Thursday, July 14, 2011

The Data Is In – Medicaid Works

A few years ago, Oregon sought to increase the number of its citizens on Medicare, but only had the funding to accommodate 10,000 new applicants, though 90,000 applied. Oregon was faced with the problem of having to distribute those 10,000 memberships at random. Realizing the opportunity present, social scientists seized on the situation, because it allowed them to conduct a thorough study of the effects of government-sponsored medical insurance. Prior to this, arguments had largely been made using epidemiologic data, with supporters arguing that countries with universal health care had better outcomes than those without. Oregon’s quandary gave the opportunity to study how health insurance affects the medical and economic lives of Americans, as compared to a similar group who don’t have insurance. The results were clear: Medicaid improves perception of health, improves use of preventive medicine, and improves the economic well-being of its users. And as a side note, Oregon has since found funding for the 80,000 initially denied access to Medicare.

I’ve written occasionally on the social and economic aspects of medicine, and I have to say that this is one of the most important studies to be published in some time. Never before has the effect of having health insurance been studied with the rigor that was possible here, and this study is likely to be cited by politicians for years to come, if not wholly shift the current discussion.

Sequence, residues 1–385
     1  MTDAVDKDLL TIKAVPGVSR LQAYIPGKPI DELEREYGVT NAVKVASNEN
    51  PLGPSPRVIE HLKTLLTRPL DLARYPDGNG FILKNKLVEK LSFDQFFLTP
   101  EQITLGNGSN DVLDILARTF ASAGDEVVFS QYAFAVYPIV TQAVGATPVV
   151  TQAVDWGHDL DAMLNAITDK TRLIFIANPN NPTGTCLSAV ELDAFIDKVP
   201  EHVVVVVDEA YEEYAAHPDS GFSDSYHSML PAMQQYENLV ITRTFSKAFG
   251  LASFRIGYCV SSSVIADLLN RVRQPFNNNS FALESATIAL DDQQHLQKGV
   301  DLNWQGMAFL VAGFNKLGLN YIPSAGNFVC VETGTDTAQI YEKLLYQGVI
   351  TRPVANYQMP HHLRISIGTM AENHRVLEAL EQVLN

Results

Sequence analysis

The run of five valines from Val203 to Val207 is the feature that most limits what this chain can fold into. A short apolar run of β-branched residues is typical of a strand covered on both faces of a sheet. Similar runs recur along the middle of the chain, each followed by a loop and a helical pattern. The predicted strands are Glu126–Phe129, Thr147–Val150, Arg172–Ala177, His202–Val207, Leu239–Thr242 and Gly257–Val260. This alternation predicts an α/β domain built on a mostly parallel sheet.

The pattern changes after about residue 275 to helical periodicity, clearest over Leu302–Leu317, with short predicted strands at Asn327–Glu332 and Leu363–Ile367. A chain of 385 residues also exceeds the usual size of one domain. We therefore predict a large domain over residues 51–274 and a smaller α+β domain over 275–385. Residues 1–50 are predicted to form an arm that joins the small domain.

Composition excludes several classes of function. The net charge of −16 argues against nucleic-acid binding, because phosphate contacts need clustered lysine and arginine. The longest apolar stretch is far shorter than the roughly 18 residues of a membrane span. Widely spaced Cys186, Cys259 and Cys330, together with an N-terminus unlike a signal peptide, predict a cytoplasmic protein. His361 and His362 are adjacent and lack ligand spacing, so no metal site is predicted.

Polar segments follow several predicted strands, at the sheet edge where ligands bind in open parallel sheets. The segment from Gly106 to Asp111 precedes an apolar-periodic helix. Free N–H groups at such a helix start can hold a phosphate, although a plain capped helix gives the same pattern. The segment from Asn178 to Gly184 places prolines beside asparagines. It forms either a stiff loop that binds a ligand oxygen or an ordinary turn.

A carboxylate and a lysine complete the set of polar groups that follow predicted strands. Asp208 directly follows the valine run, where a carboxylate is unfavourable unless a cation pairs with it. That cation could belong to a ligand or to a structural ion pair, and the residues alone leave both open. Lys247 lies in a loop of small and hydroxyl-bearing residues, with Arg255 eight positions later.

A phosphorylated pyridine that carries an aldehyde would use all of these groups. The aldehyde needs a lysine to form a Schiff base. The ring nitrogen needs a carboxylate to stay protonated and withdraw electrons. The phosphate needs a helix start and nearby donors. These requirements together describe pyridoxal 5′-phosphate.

One of the basic findings of the study is that people with health insurance, even health insurance as flawed as Medicaid, are more likely to use healthcare services, including being 35% more likely to go to a doctor as compared to those without healthcare. Accessing doctors doesn’t mean that all of our problems are solved, but it greatly increases the likelihood that negative outcomes are prevented down the road. That said, the study didn’t indicate any difference in amount of ER visits, so it’s unclear as to whether the increased access to doctors had an effect on morbidity and mortality. The effect of Medicaid on the health outcomes of subscribers is currently being studied, and I’m anxiously awaiting results.

However, what is clear is that Medicaid subscribers were significantly more likely to access preventive health services, including mammograms and cholesterol checks. These factor are indeed likely to decrease morbidity and mortality. Similarly, people with insurance were overwhelmingly more likely to have an established doctor or clinic, adding greatly to continuity of care, an important factor in the quality of healthcare a patient receives. Additionally, patients with Medicaid were more likely to rate their health as being good or excellent, and significantly less likely to report deteriorating health.

Finally, the study shows that Medicaid provides significant financial benefit to its beneficiaries. People on Medicaid were significantly less likely to have unpaid medical bills sent to collection agencies, as well as being less likely to fail to pay other bills or borrow money because of medical expenses. This demonstrates that Medicaid works as a social program. While it is yet undetermined whether or not Medicaid improves health outcomes, it is clear that it is an effective economic safety net for those most in need – this alone vouches for its value.

This study and its yet-to-be-completed sequel are likely to shape public policy for years to come. It’s rare that we have the opportunity to study the effect of government programs with the same rigor as medical trials, but here the opportunity fell on the laps of a few lucky researchers. In a controlled study, Medicaid showed that it works to improve access to physicians, improves utilization of preventive medical services, and decreases economic hardship – if that’s not reason to keep it up and running, if not expand and improve it, I don’t know what is.